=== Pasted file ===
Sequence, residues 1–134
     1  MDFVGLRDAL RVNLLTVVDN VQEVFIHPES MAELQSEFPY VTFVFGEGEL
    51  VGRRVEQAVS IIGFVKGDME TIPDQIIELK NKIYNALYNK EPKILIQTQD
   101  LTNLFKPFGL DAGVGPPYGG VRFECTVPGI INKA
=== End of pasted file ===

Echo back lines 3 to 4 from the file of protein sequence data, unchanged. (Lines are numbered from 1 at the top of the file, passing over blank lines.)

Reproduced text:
    51  VGRRVEQAVS IIGFVKGDME TIPDQIIELK NKIYNALYNK EPKILIQTQD
   101  LTNLFKPFGL DAGVGPPYGG VRFECTVPGI INKA